The data captured during this year’s aerial surveys is now back in Austria with Martin, Ingrid and Dr. Ahl, where the lengthy processing and merging of the data sets is underway. The Navy helicopter and crew are back on regular duty. The Amigos de Sian Ka’an organization is waiting for the survey results so their scientists and staff can prepare a regional map of water resources. With an accurate, detailed vision of the entire region in hand, Amigos de Sian Ka’an can coordinate with public entities and others to develop strategies and programs to protect strategic fresh water and prevent negative environmental impact on important ecological resources. Despite the time and expense undertaken so far, only a small fraction of the Yucatán Peninsula has been scanned, even including the datasets just returned to Austria.
Government programs and private industry plan enormous expansions of tourism south from Cancun and Tulum down towards Bacalar. Informed management of these fresh water resources – and of historically poorly-managed waste water – are vitally important to protecting these aquifers and providing a foundation for sustainable growth. In several months, analysis of the new data will be complete and the results will be available.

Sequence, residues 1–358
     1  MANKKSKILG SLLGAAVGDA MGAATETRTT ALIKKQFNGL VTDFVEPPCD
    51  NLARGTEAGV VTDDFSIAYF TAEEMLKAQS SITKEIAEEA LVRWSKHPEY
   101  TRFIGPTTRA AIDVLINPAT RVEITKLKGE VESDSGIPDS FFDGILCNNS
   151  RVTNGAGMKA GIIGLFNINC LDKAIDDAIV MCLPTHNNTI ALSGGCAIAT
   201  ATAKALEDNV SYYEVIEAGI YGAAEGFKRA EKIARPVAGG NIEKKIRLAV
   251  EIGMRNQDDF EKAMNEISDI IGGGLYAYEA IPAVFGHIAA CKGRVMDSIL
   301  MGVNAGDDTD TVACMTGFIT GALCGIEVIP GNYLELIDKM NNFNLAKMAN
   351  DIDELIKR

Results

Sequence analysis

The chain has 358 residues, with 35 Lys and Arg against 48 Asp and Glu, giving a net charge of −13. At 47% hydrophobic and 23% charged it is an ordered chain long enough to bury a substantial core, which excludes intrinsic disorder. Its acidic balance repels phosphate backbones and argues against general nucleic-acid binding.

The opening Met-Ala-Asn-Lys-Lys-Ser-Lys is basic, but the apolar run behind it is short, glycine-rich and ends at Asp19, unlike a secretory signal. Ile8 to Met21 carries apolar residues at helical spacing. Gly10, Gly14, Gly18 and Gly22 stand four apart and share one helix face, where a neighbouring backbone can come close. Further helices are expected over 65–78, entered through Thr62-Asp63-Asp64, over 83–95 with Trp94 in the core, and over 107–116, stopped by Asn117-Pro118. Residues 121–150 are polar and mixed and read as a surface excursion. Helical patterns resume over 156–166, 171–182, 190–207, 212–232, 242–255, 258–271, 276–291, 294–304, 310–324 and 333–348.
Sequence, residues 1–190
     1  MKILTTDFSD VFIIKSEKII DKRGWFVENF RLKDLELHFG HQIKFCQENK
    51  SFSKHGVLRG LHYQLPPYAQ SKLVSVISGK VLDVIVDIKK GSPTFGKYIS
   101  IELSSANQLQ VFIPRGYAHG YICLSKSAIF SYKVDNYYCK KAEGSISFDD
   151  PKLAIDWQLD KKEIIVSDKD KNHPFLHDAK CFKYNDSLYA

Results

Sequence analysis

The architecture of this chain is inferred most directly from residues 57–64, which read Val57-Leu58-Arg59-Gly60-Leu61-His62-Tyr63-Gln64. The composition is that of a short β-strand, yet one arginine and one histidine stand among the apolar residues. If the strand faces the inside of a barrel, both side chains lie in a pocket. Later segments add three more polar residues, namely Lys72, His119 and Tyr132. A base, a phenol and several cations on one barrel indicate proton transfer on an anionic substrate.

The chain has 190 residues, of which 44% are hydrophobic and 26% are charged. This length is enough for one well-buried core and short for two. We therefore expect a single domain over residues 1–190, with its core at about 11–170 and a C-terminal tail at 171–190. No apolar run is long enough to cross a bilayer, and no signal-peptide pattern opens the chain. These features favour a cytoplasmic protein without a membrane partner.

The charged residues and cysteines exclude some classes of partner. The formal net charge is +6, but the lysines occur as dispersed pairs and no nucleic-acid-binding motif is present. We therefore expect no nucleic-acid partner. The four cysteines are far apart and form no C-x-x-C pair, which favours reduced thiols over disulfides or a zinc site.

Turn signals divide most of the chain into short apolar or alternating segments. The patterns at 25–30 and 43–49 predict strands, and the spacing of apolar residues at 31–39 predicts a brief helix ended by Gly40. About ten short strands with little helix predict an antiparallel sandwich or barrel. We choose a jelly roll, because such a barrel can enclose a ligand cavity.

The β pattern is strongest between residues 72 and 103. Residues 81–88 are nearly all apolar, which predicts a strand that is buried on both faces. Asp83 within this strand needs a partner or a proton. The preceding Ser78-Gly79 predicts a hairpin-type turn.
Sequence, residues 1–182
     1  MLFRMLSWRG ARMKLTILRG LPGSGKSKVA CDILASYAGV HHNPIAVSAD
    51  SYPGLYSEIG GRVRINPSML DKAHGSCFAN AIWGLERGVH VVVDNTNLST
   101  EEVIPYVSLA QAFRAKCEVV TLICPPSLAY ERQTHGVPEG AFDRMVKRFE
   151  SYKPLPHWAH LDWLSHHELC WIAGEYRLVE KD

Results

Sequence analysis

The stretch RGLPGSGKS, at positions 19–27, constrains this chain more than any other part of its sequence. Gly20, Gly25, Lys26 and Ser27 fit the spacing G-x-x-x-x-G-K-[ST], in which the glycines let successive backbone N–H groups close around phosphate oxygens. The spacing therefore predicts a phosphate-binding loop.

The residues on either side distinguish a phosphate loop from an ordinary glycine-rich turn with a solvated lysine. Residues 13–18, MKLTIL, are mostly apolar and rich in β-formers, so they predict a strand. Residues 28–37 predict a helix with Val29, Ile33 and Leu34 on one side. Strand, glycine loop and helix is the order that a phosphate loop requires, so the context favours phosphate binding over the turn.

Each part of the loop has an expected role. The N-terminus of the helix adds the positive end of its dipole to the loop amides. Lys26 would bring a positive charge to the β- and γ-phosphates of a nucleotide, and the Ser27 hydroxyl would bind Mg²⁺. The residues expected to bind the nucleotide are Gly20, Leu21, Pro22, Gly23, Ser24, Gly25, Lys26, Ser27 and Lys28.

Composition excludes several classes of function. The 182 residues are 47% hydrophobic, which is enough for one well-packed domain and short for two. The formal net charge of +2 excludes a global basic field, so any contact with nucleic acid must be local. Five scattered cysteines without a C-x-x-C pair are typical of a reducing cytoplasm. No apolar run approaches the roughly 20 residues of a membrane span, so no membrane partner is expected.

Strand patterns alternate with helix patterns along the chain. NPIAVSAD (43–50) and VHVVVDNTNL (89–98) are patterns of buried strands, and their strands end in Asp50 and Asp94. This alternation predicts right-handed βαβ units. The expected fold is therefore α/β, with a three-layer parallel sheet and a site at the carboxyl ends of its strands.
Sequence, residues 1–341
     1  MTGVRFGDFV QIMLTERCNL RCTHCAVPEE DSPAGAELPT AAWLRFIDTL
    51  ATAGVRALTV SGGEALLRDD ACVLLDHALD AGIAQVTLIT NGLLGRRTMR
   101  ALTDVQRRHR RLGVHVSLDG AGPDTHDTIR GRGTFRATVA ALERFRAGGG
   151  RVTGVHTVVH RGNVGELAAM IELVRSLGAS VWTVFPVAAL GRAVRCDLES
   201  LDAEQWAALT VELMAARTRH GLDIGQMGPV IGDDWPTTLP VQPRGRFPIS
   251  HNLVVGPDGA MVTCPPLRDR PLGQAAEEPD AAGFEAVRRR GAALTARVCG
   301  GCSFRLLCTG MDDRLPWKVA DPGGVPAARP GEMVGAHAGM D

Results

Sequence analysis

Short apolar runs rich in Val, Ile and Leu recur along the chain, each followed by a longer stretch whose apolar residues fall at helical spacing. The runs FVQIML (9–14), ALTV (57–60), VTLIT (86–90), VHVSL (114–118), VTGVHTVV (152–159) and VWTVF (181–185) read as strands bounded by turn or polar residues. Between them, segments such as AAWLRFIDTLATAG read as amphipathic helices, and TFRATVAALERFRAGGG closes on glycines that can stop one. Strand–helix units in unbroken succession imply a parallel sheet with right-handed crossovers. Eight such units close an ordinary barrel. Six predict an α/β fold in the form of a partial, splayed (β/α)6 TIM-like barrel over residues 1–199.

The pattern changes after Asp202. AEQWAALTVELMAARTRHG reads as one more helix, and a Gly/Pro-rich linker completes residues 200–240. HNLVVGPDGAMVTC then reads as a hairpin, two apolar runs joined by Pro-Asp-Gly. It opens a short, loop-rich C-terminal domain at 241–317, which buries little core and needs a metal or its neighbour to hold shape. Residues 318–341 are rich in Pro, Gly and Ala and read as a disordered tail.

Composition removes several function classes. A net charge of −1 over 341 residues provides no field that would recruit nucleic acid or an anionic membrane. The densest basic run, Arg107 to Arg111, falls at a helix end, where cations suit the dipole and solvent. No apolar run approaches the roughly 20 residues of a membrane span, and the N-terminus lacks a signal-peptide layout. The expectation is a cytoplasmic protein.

After The Money's Gone
It’s hard to overestimate the value of this research for the management of freshwater and wastewater and for guiding inevitable growth in tourism and urban space. Preliminary findings from earlier flyovers and from reviews of conventional geological analysis confirm the Bacalar area’s importance as a key freshwater ecosystem. This large ecosystem is important not only for southern Quintana Roo but for the Yucatán aquifers far to the north and for the urban developments and tourism that draw upon those aquifers. And so it is with a curious technological twist that Bacalar and its beautiful Laguna de Siete Colores (Lake of Seven Colors) still maintain – even after several millennia – a critical life-support role for the Maya of the Yucatán and those who come to live in their land.
Scott Wallace writes regularly about Laguna Bacalar and the environs on his website, BacalarMosaico.com. If you are planning a trip to that area, be sure to check out his website for events, hotels, and articles like this one about the area.
Amigos de Sian Ka'an is an organization that works to preserve the Sian Ka'an Biosphere... a worthy cause if we ever saw one.
And in case reading this has made you curious, here are the lyrics to that song.